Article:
They allow for far more flexibility when creating your stylesheets, including the use of variables, operators, mix-ins, even nested selectors. However, because LESS was originally built with Ruby, a lot of PHP developers, despite the fact that there are PHP versions available, never used it. Full Screencast Step 1. Reference LESS.js Step 2. Note that we've set the rel attribute to "stylesheet/less" and that our actual stylesheets has an extension of .less, not .css.
Step 3. With this minimal amount of work, you now have access to everything from variables to mix-ins. It's important to remember that LESS.js isn't finished; hopefully, it will be soon. PHP Scripts, WordPress Plugins, HTML5, jQuery, and CSS. 2012 New Year’s Resolutions. I didn’t really celebrate this year, just like I ended up not celebrating Christmas.
It was too soon after being back from San Francisco. I wasn’t in the Christmas spirit, nor in an holidays-and-end-of-the-year mood. And well I also happened to be sick between the 23rd and the 25th of December. But 2012 has come, and with it a lot more hopes and expectations. I realized how fast this internship is gonna go. So for now, all I want is to learn, improve, and prepare the future as much as I can. Setting up realistic goals that I WILL be able to fulfill. The second part of this is to be able to program/code/develop, either websites or apps (if possible) so that I an as autonomous and independent as possible when I decide to launch my projects. So here’s how I will plan to do this: First of all, I’ll try to read and consume more information regarding design, either design of objects and homes, or visual arts and websites.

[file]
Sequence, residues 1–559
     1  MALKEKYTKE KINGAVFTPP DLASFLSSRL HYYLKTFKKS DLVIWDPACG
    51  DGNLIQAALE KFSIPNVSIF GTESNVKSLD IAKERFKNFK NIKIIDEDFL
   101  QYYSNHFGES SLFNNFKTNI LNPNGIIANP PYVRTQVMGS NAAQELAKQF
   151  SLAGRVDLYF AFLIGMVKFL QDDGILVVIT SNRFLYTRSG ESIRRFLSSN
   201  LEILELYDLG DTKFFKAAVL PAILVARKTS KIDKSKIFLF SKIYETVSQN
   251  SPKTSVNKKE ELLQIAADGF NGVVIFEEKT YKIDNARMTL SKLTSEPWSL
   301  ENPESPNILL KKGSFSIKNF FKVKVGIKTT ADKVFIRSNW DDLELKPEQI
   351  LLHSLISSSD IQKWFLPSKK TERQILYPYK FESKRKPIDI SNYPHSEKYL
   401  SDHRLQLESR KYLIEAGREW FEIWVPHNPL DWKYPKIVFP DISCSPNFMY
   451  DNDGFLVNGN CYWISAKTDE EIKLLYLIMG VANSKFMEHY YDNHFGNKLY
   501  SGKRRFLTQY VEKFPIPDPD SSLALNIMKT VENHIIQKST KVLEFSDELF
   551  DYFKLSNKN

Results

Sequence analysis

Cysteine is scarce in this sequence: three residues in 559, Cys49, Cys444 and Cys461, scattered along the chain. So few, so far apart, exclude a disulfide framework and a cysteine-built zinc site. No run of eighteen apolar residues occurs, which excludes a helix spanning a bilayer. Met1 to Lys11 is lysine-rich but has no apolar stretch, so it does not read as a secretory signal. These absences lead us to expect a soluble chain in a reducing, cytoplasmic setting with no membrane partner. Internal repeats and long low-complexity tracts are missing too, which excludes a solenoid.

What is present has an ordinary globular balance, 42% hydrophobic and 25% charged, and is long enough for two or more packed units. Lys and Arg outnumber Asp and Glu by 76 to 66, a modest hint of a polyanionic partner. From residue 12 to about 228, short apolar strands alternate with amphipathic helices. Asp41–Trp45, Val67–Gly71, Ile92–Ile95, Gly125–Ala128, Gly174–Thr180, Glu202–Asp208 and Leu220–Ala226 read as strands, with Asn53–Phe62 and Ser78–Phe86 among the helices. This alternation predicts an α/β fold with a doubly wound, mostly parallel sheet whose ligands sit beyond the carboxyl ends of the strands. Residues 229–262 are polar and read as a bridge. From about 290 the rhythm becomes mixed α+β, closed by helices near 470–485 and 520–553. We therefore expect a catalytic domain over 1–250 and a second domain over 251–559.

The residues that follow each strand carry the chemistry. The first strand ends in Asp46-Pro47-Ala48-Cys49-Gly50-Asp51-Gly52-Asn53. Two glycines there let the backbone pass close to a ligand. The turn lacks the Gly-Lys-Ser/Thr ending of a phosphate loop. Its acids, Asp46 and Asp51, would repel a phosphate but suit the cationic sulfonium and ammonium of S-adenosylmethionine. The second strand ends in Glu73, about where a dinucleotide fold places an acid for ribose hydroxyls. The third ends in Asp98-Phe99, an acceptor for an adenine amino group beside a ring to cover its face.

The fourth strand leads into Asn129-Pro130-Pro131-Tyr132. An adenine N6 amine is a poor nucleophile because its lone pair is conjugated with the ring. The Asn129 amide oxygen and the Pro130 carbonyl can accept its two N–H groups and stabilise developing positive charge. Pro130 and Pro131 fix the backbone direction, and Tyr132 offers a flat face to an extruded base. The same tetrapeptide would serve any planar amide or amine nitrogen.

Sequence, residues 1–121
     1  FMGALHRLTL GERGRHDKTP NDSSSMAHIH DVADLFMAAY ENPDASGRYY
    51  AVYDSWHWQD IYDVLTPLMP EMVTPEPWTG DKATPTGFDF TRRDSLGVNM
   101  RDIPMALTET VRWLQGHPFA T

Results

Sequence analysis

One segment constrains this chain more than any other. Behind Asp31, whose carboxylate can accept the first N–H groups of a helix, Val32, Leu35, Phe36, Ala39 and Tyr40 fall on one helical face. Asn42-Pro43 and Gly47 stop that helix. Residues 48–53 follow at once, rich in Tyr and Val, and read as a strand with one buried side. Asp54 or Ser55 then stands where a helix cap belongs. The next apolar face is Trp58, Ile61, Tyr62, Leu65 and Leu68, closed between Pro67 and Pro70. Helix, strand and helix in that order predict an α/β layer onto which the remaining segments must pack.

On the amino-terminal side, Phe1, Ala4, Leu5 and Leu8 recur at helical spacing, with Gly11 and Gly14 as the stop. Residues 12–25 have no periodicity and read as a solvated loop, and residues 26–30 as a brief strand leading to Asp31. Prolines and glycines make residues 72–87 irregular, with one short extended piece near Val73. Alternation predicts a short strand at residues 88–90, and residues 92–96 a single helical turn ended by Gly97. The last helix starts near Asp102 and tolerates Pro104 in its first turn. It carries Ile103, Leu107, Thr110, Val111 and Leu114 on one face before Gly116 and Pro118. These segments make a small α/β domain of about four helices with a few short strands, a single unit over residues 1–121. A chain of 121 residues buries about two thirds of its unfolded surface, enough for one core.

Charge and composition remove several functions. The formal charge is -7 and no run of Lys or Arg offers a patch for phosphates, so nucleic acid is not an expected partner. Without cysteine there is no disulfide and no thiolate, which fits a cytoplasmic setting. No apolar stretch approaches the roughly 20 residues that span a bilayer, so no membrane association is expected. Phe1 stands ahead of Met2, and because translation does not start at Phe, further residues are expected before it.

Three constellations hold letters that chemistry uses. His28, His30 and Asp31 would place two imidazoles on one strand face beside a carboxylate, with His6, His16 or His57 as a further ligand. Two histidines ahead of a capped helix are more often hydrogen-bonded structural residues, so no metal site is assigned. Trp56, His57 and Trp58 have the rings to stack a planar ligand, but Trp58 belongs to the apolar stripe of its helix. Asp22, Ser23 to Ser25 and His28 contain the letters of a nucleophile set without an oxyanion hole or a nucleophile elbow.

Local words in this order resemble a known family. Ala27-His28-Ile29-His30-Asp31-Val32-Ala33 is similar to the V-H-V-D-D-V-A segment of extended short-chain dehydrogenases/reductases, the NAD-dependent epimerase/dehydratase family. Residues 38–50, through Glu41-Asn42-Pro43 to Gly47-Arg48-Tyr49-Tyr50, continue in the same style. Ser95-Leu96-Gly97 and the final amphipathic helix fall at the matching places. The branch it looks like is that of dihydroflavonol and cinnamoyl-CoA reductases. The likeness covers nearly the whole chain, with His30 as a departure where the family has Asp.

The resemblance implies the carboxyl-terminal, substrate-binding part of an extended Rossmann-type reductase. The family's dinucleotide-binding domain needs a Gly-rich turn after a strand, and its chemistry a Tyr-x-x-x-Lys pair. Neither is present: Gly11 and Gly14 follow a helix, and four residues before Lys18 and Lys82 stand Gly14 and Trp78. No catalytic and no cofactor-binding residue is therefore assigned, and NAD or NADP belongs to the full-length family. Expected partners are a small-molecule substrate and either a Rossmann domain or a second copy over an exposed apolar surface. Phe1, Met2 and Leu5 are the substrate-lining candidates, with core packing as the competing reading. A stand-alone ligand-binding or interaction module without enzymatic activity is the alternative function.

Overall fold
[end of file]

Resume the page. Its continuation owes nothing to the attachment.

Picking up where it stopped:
I start with the design of the smallest, deepest element: the story page or search results. Then I work backwards to design their containers: section pages, indexes. Then, lastly, I work on the home page. Issue № 211 I do this because each container needs to adequately set expectations for what it contains. This also means that, by the time work begins on the home page, there’s a lot of momentum going already.
Home pages are anxiety-inducing for companies. Before I get into those goals, here’s a grain of salt. This is not to say that the home page is unimportant—it’s hugely important as a first impression. That said, let’s look at the unique challenges that home pages present. Any home page has four main goals, in this order: Goal 1: Answer the question, “What is this place?” This is, and always will be, the number-one job of any home page. The first thing a new visitor does when they get to an unfamiliar site is ask that question.